The current series of Father Brown ends lunchtime today but should remain on iPlayer for a week or so. The first series is on DVD but nothing has been announced about the second series or whether there’ll be a third. I heartily recommend it if you, like me, have a fondness for this cosy English murder genre.

S x

Some images from

What’s The Score: Halloween Special – Insidious

Screen Shot 2013-10-28 at 00.26.21

Insidious is one of my favourite films from the last few years – for me, it ticks all the boxes that I want in a scary film; lots of jumps with classic set-ups, sustained tension and perhaps more importantly for me… NO GORE! And one of the cool things about Insidious was the soundscape and the music, which we’re going to look at in this post.  Again, I will be referring to the film for cues as well as the actual names for each track given on the soundtrack collection.

Joseph Bishara’s soundtrack is made up of many cues, ranging from just under 30 seconds to as long as 3 minutes, but you’ll notice right from the very start of this film – I’m talking about when the production company logos are twirling about – that this isn’t your normal kind of film score.  Clattering, heavily reverbed noises clash without any rhythm as the logo comes on to the screen, followed by a ringing that lingers over the image of the light shade with director James Wan’s name.  I like how the ringing effect combines with the rotation of the image to already give a slightly woozy effect, like something is off-kilter.

As the camera travels across the bedroom and round to what looks like a bathroom, we see a silhouette of someone in the window (this is at 1.01 in the video above).  This is when I thought maybe I should leave the cinema, because this is where it gets messed up – those signature strings are first introduced in this moment.  Strings hit screeching high notes and then tumble rapidly down only to start again, layered over one another and building up; these strings sound like screams or wails, and as the shot travels to the creepy old woman down the hall with the candle in her face and the light fades entirely, you think that’s it, the film is going to start.  But then the glowing red title fills the screen with more strings, louder this time, clashing and battling against one another.  I can distinctly hear the motif from the cyclone scene in The Wizard of Oz somewhere in this mess of strings.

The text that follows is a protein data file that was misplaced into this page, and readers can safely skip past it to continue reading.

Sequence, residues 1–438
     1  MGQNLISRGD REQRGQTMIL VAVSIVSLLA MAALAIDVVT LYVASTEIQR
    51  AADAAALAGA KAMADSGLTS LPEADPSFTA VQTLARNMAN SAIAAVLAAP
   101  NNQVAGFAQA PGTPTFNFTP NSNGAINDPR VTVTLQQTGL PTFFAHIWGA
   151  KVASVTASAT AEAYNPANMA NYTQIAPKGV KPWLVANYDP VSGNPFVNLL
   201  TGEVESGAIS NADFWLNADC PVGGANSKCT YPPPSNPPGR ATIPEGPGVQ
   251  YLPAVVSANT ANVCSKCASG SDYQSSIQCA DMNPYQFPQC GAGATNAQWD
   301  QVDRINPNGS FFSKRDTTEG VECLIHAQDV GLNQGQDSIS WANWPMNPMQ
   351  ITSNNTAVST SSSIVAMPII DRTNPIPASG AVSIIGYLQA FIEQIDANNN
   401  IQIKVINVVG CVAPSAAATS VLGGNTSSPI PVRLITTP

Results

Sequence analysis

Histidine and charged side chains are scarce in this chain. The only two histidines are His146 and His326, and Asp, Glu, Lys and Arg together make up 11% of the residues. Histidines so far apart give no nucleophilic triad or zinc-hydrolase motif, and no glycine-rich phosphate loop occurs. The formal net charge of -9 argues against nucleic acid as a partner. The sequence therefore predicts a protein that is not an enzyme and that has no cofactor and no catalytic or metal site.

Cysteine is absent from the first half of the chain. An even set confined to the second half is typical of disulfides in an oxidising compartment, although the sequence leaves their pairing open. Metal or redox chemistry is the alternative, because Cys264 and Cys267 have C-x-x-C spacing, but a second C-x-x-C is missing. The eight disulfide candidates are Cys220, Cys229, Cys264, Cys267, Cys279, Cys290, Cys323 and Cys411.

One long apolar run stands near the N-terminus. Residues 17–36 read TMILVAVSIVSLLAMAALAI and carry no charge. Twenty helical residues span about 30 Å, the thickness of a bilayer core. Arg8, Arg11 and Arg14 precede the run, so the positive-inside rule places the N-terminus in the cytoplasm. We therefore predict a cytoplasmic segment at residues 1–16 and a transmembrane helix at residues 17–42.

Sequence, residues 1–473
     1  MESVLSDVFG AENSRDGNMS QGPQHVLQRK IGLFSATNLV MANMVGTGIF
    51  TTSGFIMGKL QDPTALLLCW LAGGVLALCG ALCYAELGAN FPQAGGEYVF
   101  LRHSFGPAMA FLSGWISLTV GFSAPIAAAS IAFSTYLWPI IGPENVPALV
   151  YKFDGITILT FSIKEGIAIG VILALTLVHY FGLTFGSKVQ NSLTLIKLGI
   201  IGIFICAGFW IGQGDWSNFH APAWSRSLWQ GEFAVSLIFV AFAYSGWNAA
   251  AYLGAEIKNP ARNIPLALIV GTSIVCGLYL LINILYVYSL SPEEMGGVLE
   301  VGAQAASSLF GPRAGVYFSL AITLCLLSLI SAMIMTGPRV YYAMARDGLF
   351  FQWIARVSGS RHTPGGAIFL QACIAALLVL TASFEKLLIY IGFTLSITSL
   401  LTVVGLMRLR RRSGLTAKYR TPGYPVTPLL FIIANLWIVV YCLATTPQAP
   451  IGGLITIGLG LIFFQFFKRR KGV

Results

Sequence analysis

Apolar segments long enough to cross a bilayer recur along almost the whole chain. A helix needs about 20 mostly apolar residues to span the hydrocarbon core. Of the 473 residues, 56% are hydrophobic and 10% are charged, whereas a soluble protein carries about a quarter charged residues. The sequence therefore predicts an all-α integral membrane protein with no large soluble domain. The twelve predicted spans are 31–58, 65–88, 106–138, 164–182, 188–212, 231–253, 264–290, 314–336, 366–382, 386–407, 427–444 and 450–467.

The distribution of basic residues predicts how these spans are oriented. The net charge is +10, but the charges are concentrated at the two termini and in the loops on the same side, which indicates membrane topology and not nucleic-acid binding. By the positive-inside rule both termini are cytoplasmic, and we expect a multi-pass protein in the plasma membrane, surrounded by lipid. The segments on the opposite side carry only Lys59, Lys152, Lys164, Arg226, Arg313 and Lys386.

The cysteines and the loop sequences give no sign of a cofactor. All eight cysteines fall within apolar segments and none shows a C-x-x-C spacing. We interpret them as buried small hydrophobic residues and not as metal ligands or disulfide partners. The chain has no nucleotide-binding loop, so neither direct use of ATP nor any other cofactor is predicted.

Screen Shot 2013-10-24 at 16.29.22

Then we’re down to classic horror film territory with sustained, quiet strings – there’s an eery addition to this though; as the ‘shadows’ of the letters in the credits rise and evaporate, some background strings slide up, again like a distant wailing effect.  The film hasn’t even started and we already know many rooms of the house as well as the fact that there’s something very creepy about it.

Musically nothing much happens until the scene where Dalton wakes up from his fall,  but the use of sound is interesting here too – the creaking of the stairs is something we associate with old houses and it gives it that extra creepy edge.  There’s also the crying baby, the children’s computer games and a whistling kettle for Renee to compete with in the hectic morning kitchen.

Quite honestly I’d rather they left out this next part, but it exists – Renai’s song, “Lookin’ West”

Everything about it is awful.  Thankfully, the baby interrupts her song by crying, presumably because she can hear it. We get some weird house noises, drawing Renai up into the attic where the creaking sounds are a throwback to the noises we heard at the start. When Dalton falls and wakes up, we get an atmospheric, hollow sound along with the snapping, cracking noice associated with the demon later on in the film.  When Renai and Josh realise something is wrong, a few piano hits are heard, punctuating the scene.  These add a little to the drama, but in a more unconventional way because normally on these occasions in scary films, these hits are done by strings, and there’s some discernible chord (normally an augmented 4th) in there, whereas generally the scary moments in this film feature some wicked atonal music.

Screen Shot 2013-10-28 at 00.44.40The mushy bit between Josh and Renai, where he tells her things will get better in the house and to just ‘give it time’ has a musical cue, and it is fairly conventional.  Gently piano notes, sombre, slow-moving strings and proper harmonies.  I think the conventional music over this scene is a signifier, like dramatic irony or something; in a soundtrack where the music ignores most conventions, this moment of ‘normal’ film music is the exception, and we shouldn’t hope to hear much more like it in the film until everything really is okay.